Author Saoirse O’Mara tries to follow her heart with her children’s stories. Her goal is to make her readers smile, laugh, guess, and be entertained until the end, and to think about her intriguing stories for a long time. A goal worthy of any author! Please welcome her here to No Wasted Ink.
I’m Saoirse O’Mara, also known as Theresa Berg. I write under two different names because I write in two different languages. Books written as Theresa Berg are originally German, books written as Saoirse O’Mara are originally written in English. I live in Berlin, Germany, with my American husband and our two cats, Tüte and Kami. Our household communicates in fluent Denglish (mix of German and English) of course. When I’m not writing children’s books or mystery, I’m studying languages and linguistics, currently Sanskrit and Latin. So yeah, I’m a complete language nerd. I’m also a gamer; I love playing pen and paper RPGs like The Dark Eye and Pathfinder, but also video games like League of Legends, Titan Quest, and others.
When and why did you begin writing?
I think I started writing as soon as I was able to write coherent sentences. I just had so many stories to tell, and a very creative mind (teachers may have called me out for daydreaming). I also loved reading, and when I was still in kindergarten and was finally able to read books on my own (my parents taught me to read before I entered school), I decided that when I grew up, I wanted to be a writer too.
When did you first consider yourself a writer?
This is a difficult one. I actually don’t remember, but it was probably after finishing my first manuscript. I was twelve or thirteen, and the story was a lot like Enid Blyton’s Famous Five books. This manuscript is still hidden away somewhere at home, and I even revised it a few years later, but it’s nowhere near publishable. It did show me, though, that I am able to tell a story from beginning to end and write it down.
Can you share a little about your current book with us?
The book shown here, Miro the Dragon, is a children’s book about friendship and courage. In four stories, the tiny and scared dragon Miro has to learn essential dragon skills like flying, breathing fire, swimming, and hunting. He befriends a human girl who helps him believe in himself and later befriends one of his classmates at dragon school, the big dragon Botsch, who teaches him to swim. The book has fans ranging from three years old to over sixty years old, but the recommended age range is four to eight years old.
What inspired you to write this book?
I was at a medieval market in my home town and started talking to the storyteller, who complained about a lack of dragon stories for young kids, and who, after learning that I am a writer, asked me whether I could write her a story. I agreed, but after I had written Miro’s first story, she never responded to my email about licensing and payment, so I decided to instead turn it into a book. Miro told me a few more stories, which I faithfully wrote down, and once I had four stories written, I looked for an illustrator to capture him and his friends.
Do you have a specific writing style?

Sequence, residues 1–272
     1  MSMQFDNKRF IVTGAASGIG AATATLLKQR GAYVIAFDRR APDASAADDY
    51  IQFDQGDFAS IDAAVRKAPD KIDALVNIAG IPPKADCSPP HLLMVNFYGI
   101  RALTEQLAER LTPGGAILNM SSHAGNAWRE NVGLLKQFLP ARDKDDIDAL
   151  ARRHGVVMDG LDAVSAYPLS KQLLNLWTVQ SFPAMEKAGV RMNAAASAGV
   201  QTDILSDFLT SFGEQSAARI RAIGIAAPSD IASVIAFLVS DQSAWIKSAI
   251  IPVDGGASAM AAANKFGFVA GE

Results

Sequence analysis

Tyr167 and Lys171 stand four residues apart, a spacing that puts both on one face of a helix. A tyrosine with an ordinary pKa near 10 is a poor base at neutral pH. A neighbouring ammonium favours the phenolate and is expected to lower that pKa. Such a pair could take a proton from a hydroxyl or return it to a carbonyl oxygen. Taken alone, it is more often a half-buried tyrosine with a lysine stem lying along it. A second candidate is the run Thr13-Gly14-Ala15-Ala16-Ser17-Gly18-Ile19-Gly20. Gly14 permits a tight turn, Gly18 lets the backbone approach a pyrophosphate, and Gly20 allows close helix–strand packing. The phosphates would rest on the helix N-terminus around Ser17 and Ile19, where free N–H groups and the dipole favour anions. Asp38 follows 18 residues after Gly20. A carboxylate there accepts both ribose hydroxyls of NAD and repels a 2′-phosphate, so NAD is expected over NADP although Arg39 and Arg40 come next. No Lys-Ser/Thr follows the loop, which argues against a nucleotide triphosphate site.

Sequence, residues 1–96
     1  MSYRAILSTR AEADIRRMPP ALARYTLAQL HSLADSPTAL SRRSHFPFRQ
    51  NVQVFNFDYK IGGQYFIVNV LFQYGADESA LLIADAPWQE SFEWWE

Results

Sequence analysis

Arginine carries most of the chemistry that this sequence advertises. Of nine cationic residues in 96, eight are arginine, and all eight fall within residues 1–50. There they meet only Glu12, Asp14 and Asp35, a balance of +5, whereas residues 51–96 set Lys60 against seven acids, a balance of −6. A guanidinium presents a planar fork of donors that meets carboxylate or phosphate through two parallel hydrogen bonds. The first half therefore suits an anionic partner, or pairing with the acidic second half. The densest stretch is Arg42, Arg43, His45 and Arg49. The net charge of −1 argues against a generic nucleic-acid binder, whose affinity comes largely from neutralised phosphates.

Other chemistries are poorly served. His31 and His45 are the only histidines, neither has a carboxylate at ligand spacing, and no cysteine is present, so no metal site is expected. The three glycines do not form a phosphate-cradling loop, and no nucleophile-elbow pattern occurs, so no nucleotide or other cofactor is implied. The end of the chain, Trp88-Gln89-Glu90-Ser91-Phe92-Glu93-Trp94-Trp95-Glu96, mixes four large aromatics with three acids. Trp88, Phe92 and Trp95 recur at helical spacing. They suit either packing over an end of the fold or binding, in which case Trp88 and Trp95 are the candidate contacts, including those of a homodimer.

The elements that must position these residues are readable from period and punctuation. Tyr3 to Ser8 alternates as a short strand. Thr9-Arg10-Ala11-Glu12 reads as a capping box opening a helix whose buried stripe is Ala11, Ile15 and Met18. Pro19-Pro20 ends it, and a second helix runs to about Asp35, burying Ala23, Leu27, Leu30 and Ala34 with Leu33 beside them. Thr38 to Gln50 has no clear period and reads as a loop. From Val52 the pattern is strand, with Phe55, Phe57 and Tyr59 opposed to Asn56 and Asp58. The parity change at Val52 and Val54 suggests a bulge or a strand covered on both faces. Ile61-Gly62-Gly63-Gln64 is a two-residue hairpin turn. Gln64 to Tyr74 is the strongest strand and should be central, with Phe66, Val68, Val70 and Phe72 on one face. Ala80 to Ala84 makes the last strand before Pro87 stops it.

I actually don’t know. I rather think I have several writing styles, depending on what I write, and in which language I write. I do tend to avoid long descriptions and story “padding”, though, which is probably why my books are all rather short.
How did you come up with the title of this book?
That was actually pretty easy; Miro told me. What was more difficult was coming up with fitting titles for the individual stories. I sometimes wrote the whole story before the right title came to mind, and at other times, the title was the only thing I had and the story followed.
Is there a message in your novel that you want readers to grasp?
It is okay to be afraid. And if you are too afraid to even try something new, maybe a friend can help you overcome your fear. Sometimes, all it takes is to finally try it.
What authors have most influenced your life? What about them do you find inspiring?
Two of my greatest influences were Enid Blyton, whose books I devoured as a child, and Agatha Christie, the queen of British mystery. I love the stories they told, and the characters they created.
Who designed the cover of your book? Why did you select this illustrator?
The cover and illustrations for Miro were done by the amazing artist Svenja Liv, who is also a friend of mine. We met in a writer’s forum online and I simply fell in love with her style. She was able to bring Miro and his friends to life with her drawings. She also did the covers for my middle-grade mystery/fantasy series A Rogue’s Tale. A few years ago, we finally met in person.
Do you have any advice for other writers?
Don’t give up. Try out different things. Follow your heart. Listen to your characters (they’re always right, you know). But most importantly, have fun.
Do you have anything specific that you want to say to your readers?
Thank you for all the feedback you’re giving me, either through reviews or personally. Thank you for letting me know that you (or your kids) fell in love with my characters. Thank you for spending your precious time with my books.
Miro the Dragon
Cover Artist: Svenja Liv